The common issue of managing out employees

This week has seen a lot of publicity given to the idea floated that employers should be able to hire and fire employees on a no fault basis and fast and it will be interesting to see if this idea goes anywhere – we think not. As things currently stand, one of the most common

Home » Employment law » The common issue of managing out employees

This week has seen a lot of publicity given to the idea floated that employers should be able to hire and fire employees on a no fault basis and fast and it will be interesting to see if this idea goes anywhere – we think not.

As things currently stand, one of the most common scenarios which both employer and employee clients bring to us is where there is an uneasy stand off in circumstances where  the employer has decided that they want the employee to leave. The process which then tends to happen is given the term “managing out”.

This can mean the employer simply making life uncomfortable for the employee but this of course can create a number of risks, potentially involving the employee responding by being signed off due to illness through to claims for some kind of discrimination. The employee may choose to raise a grievance.

Managing out generally involves the employer, if they want to try and minimise the risk of an unfair dismissal claim, in starting disciplinary process and potentially then giving warnings – this process, possibly going through several phases of first warning, second or final warning, dismissal and appeal, can often take a number of months.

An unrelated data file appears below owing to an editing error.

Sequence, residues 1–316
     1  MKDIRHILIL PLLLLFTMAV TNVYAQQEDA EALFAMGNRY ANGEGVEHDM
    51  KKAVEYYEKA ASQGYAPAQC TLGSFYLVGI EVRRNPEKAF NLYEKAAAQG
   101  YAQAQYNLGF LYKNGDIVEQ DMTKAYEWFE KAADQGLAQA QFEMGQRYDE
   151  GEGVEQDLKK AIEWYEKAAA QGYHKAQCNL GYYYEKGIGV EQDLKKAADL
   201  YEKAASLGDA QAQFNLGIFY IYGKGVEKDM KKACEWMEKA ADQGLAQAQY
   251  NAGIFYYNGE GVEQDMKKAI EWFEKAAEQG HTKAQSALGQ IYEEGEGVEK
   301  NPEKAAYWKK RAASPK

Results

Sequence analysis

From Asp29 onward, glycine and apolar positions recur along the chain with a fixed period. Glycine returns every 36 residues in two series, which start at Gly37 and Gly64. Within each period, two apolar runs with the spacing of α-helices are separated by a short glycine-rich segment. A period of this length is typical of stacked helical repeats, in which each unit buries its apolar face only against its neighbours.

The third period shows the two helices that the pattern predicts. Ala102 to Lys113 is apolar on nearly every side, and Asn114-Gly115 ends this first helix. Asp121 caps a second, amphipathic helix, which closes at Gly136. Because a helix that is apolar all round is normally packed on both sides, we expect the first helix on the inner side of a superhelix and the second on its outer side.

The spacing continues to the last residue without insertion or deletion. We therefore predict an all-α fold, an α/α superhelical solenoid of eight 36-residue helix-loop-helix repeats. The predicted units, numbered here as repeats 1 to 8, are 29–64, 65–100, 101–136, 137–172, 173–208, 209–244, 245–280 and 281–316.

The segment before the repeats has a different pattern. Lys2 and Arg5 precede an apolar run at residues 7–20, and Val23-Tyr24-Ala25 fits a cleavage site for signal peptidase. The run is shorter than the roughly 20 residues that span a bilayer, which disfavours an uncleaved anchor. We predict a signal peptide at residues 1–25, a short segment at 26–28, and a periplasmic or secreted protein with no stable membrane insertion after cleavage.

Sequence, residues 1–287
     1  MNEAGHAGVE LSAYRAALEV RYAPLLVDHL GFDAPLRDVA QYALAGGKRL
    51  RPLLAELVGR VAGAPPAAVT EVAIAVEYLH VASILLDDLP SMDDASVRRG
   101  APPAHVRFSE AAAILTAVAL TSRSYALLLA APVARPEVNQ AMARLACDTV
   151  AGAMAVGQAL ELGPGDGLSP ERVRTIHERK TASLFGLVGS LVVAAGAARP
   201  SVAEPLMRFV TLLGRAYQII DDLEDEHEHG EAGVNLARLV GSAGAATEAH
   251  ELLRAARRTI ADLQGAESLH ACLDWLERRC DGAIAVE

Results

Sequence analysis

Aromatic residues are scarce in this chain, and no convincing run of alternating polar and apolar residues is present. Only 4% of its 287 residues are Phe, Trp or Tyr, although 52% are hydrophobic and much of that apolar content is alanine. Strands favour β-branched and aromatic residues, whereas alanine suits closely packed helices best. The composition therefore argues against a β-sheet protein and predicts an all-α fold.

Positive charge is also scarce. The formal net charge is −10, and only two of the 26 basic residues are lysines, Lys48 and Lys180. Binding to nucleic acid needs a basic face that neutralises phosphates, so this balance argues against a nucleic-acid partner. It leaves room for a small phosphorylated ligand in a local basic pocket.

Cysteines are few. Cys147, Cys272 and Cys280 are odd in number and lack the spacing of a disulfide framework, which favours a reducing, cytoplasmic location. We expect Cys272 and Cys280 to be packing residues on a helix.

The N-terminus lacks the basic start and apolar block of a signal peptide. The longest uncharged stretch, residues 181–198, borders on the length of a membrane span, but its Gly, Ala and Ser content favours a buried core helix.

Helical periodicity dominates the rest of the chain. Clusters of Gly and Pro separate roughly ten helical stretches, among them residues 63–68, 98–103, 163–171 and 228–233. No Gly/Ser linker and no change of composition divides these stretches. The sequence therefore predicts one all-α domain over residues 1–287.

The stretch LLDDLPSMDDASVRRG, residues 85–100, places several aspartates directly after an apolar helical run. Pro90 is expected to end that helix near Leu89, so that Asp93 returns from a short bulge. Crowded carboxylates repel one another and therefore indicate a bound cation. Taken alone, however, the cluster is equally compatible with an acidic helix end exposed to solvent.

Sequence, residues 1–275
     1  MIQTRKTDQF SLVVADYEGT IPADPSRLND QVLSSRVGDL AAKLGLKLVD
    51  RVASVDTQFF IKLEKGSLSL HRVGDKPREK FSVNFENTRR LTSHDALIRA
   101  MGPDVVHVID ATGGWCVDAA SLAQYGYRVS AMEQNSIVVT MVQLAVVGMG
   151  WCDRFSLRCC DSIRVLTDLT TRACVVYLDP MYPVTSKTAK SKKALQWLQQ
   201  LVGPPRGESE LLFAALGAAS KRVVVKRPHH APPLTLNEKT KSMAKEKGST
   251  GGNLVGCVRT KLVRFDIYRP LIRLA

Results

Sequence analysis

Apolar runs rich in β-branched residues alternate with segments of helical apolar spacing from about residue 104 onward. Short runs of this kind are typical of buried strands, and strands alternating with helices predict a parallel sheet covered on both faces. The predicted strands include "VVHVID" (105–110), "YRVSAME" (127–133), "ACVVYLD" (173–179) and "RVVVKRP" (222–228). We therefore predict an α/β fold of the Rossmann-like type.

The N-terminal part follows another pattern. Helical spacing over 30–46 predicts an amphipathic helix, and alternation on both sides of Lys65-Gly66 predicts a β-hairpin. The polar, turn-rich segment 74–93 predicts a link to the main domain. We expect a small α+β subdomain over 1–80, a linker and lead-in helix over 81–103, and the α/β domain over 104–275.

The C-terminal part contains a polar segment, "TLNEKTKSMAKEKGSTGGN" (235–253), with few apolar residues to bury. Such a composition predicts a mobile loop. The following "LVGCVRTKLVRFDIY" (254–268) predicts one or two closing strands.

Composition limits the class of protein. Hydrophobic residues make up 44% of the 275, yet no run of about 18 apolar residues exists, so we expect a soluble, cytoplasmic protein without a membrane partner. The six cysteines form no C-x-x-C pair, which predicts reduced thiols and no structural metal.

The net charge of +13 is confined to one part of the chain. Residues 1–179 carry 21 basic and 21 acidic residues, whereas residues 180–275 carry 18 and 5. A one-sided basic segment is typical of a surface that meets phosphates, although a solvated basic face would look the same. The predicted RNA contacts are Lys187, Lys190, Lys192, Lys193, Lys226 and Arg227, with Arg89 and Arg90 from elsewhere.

The whole issue of managing out is somewhat distasteful and obviously uncomfortable for both employer and employee. No business benefits from having a distinctly unhappy employee remaining in post for a number of months when it is clear the relationship of trust and confidence has broken down.

Settlement Agreement?

A possible solution to the above scenario is for the employer to offer a compromise agreement to the employee, to terminate the employment relationship with the employee agreeing to sign away any potential claims. The timing of such an offer is obviously important – the amount needs to be enough to induce the employee to agree and from the employer viewpoint it needs to be beneficial in terms of weighing up how long the process might otherwise take to manage the employee out with some safety legally and the other downsides of having the employee still in post in the interim.

Many employees come to us with a distinct suspicion that they are being managed out and frankly, on many occasions we are only able to add our own opinion that this is probably the case based on experience. Many are confused about what to do. We generally suggest that the employee rely on their own instinct – if they feel that their position at work is becoming untenable and the employer has not offered a compromise agreement, it is possible that we can help with an appropriate approach on the employee’s behalf. If the employee is still not sure whether the employer is indeed trying to manage him/her out, caution may be the better approach, since an employee suggesting a compromise agreement gives a clear signal that he or she feels things are untenable at work.

ben_jones We have significant experience of the above situations, whether for employers or employees. Please contact me for further advice and information. 

 

 

Employment law

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